From Sorella Magazine
This thought-provoking essay on colorism and identity comes from the publication Sorella Magazine aptly titled: Words From A Black Girl Who Used To Wish She Were White.
DEAR BLACK GIRL,
It’s not easy being you. Trust me, I know, because it’s not easy being me. I haven’t spent a second in your shoes, and you probably couldn’t even pick me out of a crowd, though someone somewhere might mistake us for sisters. And they wouldn’t be too far off.
As Black women, we share the same essence—the same experience of navigating through a world where whiteness and proximity to whiteness is everything. And our plump lips, textured, type 4 hair and curvy figures make it clear that we are anything but white.
Being a Black girl is not just a slight inconvenience or emotional drain. It’s not just the painful fact of never seeing yourself reflected positively in the media that so heavily shapes our day-to-day lives. In today’s world, being a Black woman comes with infinitely more risks than living as a White or Asian woman, or a woman of another race.
The way Black women are negatively perceived in the media works to tell us that we’re not good enough. It tells us that our features and our hair and our bodies will always pale in comparison to the Beckys of the world.
Hearing this on a daily basis can wreak havoc on our mental health and self-worth. Yet, Black women are still expected to “come out on top” despite navigating through this every. single. day.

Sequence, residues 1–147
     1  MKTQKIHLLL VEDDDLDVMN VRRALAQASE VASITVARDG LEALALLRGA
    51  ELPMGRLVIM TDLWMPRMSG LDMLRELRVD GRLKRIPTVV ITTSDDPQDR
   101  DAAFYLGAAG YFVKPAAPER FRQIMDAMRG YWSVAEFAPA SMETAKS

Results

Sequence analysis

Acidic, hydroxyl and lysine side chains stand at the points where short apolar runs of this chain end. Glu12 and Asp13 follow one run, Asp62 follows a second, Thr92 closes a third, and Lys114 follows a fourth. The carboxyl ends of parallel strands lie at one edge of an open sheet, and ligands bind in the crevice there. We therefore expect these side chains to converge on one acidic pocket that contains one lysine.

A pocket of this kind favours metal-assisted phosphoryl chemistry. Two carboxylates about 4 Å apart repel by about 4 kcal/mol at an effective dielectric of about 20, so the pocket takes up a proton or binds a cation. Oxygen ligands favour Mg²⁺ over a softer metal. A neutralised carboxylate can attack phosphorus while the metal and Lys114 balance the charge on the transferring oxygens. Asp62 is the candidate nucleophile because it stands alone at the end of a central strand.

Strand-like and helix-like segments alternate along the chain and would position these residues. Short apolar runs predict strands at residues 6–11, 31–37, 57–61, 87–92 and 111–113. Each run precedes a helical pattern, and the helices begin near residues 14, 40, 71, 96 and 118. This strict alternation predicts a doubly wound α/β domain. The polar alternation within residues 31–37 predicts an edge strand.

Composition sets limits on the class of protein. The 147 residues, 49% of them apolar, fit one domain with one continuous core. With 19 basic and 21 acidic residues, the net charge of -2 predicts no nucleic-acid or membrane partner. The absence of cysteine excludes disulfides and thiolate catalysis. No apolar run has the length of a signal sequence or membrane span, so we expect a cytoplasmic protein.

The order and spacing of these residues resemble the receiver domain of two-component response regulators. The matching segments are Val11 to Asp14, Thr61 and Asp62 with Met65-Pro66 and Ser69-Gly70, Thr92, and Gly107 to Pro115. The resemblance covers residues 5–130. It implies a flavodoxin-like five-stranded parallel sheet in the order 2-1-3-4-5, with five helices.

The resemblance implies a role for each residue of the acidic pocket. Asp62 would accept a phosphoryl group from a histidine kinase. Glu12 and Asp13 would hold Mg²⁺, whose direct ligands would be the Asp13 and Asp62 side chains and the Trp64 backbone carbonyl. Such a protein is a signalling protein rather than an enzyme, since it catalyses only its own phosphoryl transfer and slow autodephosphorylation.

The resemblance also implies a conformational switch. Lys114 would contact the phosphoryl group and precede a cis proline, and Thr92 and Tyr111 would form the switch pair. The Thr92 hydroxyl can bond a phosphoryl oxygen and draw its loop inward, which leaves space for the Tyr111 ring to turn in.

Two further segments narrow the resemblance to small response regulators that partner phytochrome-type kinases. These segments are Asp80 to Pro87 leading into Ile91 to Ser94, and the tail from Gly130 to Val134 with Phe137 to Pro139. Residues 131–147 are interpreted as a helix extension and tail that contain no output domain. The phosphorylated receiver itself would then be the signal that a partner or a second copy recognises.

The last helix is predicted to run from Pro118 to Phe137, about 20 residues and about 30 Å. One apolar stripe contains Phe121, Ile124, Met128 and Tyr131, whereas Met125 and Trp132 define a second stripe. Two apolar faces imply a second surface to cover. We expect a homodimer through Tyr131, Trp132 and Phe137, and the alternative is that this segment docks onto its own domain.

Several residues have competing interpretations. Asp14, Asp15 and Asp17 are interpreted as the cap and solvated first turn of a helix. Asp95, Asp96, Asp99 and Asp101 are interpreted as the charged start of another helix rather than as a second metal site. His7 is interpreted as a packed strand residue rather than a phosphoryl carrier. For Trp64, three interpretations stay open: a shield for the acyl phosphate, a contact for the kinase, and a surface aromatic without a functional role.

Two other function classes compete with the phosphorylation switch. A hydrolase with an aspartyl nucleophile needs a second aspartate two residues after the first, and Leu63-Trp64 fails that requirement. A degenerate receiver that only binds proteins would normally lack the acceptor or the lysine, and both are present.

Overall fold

We don’t talk about self-hate nearly enough in the Black community. We prefer to sweep our self-hate under the rug and hide it under our suits of protective armor and “pro-Black” talk.
As a result, many of us are walking around drowning in bubbles of despair and self-loathing. And then we feel ashamed to admit that sometimes we wish we’d been born anything other than what we are: a Black woman—the lowest of the lowest in modern society.
If we were honest about it, it wouldn’t be hard to admit we still struggle to like what we see in the mirror. I know I do. Yet, silently, with anguish and in thinly veiled desperation, we struggle.
The first time I hated my skin color was when I was eleven and I was watching a Tyra Banks episode on colorism. Prior to that moment, it had never occurred to me that there was a difference between lighter-skinned Blacks and darker-skinned ones.
I rushed to the mirror to check which one I was (light skin or dark skin) and was met with disappointment upon discovering I was the latter. I was the complexion that people didn’t like. The one that meant I’d be picked last for prom, chosen last by Black men and men of other races, and generally undervalued in society.
For the eleven-year-old me who wanted to be a star, this news was especially disheartening. It didn’t mean the end of my singing career; it only meant I was going to have to work extra hard just to get half of the credit that (I thought) I deserved.
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